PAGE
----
Cheque usage has diminished significantly and volumes are negligible.
Electronic banking is normal practice in Sweden with internet banking widely available. Sweden does not intend to migrate to the pan-European TARGET2 RTGS system.
Interest is usually paid on account surpluses.
Maturities range from three months to a maximum of two years, with 12 months being the most common.
Certificates of deposit.
These are rarely issued in Sweden as the rates are typically low. Minimum investment amounts usually range from SEK 1,000 to SEK 50,000, depending on the issuing bank.
Popular among companies for short-term investment, government securities are issued by the National Debt Office. Maturities range from three to 12 months.
Both issued by companies and invested in by companies, there is a significant secondary market for CP in Sweden.
Money market funds.
Offered by some commercial banks, but not all.
Widely used by both corporates and FIs in Sweden but interest rates vary depending on demand.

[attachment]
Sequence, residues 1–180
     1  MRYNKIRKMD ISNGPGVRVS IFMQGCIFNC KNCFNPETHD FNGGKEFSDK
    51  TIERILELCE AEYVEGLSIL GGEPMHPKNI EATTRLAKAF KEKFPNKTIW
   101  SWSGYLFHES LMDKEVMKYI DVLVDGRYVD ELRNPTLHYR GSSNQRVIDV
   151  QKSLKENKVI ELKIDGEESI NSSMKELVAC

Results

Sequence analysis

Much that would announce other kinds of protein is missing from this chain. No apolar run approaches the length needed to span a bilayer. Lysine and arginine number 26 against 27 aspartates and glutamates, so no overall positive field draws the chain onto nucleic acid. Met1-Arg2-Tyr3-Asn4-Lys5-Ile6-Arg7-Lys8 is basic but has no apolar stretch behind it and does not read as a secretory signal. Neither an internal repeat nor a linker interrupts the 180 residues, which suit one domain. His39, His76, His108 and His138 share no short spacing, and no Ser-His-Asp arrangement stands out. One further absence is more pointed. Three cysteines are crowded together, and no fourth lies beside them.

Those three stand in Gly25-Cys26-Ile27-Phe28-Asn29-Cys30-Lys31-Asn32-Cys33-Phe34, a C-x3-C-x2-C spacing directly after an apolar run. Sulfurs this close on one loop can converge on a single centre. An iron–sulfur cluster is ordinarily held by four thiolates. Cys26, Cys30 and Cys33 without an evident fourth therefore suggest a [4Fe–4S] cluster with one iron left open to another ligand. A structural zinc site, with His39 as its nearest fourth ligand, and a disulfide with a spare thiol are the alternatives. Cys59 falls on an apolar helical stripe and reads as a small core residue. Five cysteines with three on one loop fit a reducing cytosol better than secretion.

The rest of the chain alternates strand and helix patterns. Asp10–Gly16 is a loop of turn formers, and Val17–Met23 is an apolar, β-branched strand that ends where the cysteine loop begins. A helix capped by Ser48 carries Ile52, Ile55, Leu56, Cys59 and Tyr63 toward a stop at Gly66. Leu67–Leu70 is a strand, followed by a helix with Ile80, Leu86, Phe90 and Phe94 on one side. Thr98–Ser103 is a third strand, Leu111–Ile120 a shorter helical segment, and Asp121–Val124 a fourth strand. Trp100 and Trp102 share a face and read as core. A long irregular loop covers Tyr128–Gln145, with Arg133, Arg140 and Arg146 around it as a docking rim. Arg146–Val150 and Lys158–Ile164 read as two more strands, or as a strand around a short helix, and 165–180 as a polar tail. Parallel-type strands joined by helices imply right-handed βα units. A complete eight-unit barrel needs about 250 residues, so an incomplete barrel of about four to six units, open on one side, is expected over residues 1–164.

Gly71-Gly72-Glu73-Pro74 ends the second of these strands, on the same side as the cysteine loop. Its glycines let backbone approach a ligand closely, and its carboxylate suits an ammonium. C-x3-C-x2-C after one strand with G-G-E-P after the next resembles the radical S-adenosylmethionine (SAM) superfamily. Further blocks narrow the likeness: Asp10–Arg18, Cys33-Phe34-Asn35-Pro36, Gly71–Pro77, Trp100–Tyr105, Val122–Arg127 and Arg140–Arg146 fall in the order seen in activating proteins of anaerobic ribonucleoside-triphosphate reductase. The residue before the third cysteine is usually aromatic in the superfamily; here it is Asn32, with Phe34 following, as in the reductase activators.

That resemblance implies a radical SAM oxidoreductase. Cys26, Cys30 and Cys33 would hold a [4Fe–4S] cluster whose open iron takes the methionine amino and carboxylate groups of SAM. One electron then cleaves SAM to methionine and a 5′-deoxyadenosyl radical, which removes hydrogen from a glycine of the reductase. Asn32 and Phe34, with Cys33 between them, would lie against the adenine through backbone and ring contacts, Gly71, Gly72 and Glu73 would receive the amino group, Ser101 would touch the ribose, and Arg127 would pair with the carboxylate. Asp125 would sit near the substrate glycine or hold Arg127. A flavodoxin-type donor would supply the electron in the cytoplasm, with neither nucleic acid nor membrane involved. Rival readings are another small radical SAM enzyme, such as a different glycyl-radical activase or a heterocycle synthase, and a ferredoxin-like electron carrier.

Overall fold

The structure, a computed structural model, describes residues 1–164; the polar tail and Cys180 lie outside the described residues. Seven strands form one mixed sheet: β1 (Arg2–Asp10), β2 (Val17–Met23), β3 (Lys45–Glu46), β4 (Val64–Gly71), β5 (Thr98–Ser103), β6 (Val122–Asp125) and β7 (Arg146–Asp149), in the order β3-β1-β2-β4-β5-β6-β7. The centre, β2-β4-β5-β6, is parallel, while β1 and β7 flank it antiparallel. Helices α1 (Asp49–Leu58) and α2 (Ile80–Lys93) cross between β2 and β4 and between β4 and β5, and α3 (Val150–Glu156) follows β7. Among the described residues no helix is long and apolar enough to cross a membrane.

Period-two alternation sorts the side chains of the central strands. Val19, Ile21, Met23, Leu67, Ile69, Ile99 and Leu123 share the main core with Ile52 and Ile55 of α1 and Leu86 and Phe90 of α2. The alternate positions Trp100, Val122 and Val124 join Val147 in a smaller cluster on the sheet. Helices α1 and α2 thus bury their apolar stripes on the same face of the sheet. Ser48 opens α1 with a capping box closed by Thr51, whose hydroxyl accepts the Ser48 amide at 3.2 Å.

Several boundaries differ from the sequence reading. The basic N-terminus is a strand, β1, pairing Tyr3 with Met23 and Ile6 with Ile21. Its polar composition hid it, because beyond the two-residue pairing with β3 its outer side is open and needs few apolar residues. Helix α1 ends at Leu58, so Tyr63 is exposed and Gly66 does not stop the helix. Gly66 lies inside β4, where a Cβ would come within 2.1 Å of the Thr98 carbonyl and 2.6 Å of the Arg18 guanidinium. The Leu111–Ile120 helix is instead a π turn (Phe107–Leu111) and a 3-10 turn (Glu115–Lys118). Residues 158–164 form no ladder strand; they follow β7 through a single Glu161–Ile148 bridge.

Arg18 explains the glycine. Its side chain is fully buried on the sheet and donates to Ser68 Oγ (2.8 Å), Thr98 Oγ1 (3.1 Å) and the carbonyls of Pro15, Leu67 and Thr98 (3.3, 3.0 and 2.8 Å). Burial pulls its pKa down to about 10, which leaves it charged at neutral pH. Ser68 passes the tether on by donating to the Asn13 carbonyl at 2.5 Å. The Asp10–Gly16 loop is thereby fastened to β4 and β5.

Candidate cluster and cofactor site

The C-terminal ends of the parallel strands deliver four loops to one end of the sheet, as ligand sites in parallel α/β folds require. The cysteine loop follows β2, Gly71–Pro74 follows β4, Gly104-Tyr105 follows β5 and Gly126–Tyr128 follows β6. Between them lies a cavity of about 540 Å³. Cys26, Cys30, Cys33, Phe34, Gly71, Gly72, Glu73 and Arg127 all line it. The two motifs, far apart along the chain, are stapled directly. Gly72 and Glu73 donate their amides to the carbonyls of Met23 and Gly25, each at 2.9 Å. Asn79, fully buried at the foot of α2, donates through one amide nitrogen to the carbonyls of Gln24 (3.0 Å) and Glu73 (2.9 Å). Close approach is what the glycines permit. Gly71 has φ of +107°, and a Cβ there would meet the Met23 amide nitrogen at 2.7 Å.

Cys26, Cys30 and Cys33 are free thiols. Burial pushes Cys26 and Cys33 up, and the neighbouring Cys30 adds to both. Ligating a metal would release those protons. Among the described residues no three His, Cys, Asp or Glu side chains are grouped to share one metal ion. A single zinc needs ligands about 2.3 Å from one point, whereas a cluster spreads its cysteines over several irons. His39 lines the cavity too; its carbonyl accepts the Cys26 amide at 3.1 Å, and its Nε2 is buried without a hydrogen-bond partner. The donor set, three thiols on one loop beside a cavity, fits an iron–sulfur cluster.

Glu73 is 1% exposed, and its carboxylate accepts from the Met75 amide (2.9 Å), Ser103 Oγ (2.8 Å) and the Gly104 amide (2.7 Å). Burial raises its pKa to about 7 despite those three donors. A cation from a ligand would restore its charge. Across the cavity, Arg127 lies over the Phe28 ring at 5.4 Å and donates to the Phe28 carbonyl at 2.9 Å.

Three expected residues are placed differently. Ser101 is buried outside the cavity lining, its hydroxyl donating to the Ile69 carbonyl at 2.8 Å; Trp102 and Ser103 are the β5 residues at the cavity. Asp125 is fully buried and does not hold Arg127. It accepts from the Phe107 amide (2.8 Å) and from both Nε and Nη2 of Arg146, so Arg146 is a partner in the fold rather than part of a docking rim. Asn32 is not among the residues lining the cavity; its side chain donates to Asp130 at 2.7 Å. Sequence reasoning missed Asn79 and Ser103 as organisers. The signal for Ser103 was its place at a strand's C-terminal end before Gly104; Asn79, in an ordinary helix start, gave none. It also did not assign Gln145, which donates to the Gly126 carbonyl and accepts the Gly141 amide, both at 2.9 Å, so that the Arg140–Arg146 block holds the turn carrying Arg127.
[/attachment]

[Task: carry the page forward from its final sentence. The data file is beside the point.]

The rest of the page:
Tax and legal considerations
There are no foreign exchange controls in Sweden.
Corporation tax is levied at 26.3% (2011 figure).
Sweden levies no withholding tax on interest payments. Royalty payments to residents also carry no withholding tax, whereas royalty payments to foreign recipients may be taxed at the corporate rate. Withholding tax of 30% applies to dividends paid by a Swedish company to a foreign company, although the rate may possibly be reduced under the EC parent-subsidiary directive. Alternatively, a company may be exempted from paying withholding tax on dividends under a tax treaty or the domestic participation exemption.
The Swedish authorities require supporting documentation of transactions obeying the arm’s length principle.
From the start of 2009, deductions of interest on loans used to acquire intragroup shares are not permissible, unless the lender pays a levy of at least 10% or can transparently show that the borrowing was for business purposes only. No other specific rules are in force for thin capitalisation.